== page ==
Underemployment is rampant in the world—17 percent to 66 percent—depending on where and how you measure it. Globally, 47 percent of people feel overqualified for their jobs. These numbers are huge. If you feel that your job is at your level, take a look to your right or left. Chances are that one or both of those people feel underemployed. And, they may be miserable because of it.
Managers often don't want to hire people who are overqualified for the job precisely because of the perceived misery that will bring in turnover and employee dissatisfaction.
The general consensus in business is to not hire overqualified employees. However, a new study flips this accepted belief on its head.
Hiring Overqualified Employees May Have a Plus Side
Bilian Lin (Chinese University of Hong Kong at Shen Zhen), Kenneth Law (Chinese University of Hong Kong), and Jing Zhou (Rice University) looked at underemployed people and found that people in these positions were more creative than their fully employed counterparts, because of an innovative approach called Task Crafting.
Overqualified Employees Frequently Participate in Task Crafting
Task Crafting involves taking work and altering it so that the job becomes better. For example, you've hired an employee to prepare monthly reports from a database. The former employee doing this job put the information together by hand each month.
An overqualified task crafter might say, “Hey, I could write some code and Excel would take the data and create the reports for me.” Who benefits? The business.
Why do employees do this task crafting? Because they need to "maintain their positive self-image.” However, it's not that simple. Now that the reports are automated, has the report writer just worked herself out of a job? It's possible.
It's also possible that an old-school boss will object and say, “But we've always done it by hand.” (Yes, this happens, unfortunately.)
Should You Hire People Who Are Overqualified
Of course, the answer to this question depends on your business needs. If you can find a person who is qualified, hiring them is your best bet. But, you shouldn't reject an overqualified person if the person has the following characteristics:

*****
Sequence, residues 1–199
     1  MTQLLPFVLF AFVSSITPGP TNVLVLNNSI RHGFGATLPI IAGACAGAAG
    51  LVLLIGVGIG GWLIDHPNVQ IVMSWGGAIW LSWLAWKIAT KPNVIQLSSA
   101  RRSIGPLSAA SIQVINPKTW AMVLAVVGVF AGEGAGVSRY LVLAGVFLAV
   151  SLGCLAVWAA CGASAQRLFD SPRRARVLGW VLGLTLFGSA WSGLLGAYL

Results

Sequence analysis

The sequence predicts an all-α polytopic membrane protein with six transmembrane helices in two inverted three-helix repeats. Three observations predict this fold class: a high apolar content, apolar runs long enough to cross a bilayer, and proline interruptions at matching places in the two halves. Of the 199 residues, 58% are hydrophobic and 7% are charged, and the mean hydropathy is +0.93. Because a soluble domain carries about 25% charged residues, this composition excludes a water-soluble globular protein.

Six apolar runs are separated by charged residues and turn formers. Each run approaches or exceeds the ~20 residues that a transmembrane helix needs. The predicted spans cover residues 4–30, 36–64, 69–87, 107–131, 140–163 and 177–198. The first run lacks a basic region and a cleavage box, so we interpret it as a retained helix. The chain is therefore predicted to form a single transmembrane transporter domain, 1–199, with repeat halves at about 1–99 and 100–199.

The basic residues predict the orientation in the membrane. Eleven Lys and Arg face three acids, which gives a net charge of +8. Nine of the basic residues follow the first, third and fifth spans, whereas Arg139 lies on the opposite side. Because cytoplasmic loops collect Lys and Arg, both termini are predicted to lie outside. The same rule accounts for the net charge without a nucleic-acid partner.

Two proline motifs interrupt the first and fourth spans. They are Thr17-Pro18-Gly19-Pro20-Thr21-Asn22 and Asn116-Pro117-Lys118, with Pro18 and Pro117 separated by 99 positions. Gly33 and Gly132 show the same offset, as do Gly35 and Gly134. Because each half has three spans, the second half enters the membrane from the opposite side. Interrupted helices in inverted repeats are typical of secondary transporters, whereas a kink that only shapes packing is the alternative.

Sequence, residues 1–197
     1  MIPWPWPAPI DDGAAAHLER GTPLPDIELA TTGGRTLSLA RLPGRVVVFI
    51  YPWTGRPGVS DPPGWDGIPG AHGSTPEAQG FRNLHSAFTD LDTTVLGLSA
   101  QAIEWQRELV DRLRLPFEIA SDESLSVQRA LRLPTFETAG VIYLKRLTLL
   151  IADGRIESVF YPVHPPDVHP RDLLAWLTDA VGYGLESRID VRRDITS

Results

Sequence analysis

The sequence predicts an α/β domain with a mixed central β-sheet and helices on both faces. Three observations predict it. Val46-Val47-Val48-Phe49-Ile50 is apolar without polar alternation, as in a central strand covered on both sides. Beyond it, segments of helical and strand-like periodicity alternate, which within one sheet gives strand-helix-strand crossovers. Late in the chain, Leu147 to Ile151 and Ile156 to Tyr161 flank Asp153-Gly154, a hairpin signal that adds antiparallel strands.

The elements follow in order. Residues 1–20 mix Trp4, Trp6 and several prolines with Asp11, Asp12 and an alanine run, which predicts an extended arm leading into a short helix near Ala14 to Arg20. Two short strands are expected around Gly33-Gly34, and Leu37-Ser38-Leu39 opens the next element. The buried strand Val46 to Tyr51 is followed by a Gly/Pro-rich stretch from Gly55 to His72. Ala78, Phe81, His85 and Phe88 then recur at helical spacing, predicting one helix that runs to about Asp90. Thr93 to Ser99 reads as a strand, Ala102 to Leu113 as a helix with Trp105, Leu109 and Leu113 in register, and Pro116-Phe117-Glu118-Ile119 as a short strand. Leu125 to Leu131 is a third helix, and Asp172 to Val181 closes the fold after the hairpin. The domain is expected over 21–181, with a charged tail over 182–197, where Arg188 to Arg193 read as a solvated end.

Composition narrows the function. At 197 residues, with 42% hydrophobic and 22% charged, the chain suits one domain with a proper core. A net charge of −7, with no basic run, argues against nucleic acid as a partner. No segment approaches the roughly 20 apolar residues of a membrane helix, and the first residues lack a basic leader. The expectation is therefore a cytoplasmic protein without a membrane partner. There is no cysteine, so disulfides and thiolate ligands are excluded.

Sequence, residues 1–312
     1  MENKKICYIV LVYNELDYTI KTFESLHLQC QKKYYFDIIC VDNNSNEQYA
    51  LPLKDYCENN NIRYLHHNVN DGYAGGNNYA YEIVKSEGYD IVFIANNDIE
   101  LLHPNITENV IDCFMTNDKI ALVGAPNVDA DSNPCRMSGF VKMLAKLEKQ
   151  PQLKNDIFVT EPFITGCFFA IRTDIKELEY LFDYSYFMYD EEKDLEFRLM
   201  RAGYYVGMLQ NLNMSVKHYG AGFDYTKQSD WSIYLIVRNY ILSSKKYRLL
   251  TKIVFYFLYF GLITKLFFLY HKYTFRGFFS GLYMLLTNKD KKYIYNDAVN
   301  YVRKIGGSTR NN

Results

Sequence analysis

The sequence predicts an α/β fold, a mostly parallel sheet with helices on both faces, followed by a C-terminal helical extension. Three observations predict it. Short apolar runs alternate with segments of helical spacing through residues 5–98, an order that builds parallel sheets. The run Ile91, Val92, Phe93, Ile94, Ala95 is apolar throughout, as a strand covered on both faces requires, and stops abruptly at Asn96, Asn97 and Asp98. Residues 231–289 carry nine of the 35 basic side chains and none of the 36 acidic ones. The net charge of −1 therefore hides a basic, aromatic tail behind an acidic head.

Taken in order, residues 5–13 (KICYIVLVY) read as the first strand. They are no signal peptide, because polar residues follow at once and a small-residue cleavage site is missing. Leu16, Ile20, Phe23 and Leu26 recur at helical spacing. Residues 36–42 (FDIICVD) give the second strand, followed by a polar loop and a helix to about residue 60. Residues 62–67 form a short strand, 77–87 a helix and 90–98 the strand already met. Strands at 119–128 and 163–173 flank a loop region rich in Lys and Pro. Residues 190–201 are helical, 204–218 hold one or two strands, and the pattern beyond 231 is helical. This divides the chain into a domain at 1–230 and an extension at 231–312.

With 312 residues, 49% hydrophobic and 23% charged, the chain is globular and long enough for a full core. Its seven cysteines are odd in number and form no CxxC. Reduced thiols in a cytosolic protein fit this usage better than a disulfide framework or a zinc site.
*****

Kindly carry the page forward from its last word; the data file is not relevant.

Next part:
And, it's not just important that the employee has these characteristics. The manager must also expect to take the following actions with an employee who is overqualified for the job.
How Much Underemployment Is Too Much
Lin, et.al. found that perceived underemployment played a huge role. If you hire a former CEO as a cashier in your store, the job will probably not go well. The employee will be “too demotivated to craft.”
However, if you hire a former grocery store front end coordinator as a cashier you may have created the perfect situation to encourage task crafting. People with “low to moderate levels of underemployment” are those who are best suited to bring a benefit to the business with their task crafting.
Knowledge Is Key
For task crafting to take place, the professors found that the employee needs to know that she is overqualified for the position. It's important that the employee and the manager both recognize that the employee has a surplus of ability for the job.
They found that “employees who choose to work at a charity because of the pro-social values that the charity represents may not perceive themselves as being underemployed, even if that is the objective reality.”
So, the benefit you gain from hiring an individual who is overqualified to work for your non-profit is limited unless you work with the person to ensure that she knows she's overqualified. Organizations with small budgets can benefit the most from this task crafting, but the person has to know that she's capable of doing more.
Additionally, trying to keep an employee down so that she doesn't feel as if she can move on will only undermine your efforts at having a successful task crafter.
So, to answer the initial question, should you hire a person who is overqualified for the job? Maybe. Take a look at your organization and the candidate and make your decision. The hire may turn out great for you—and for them.
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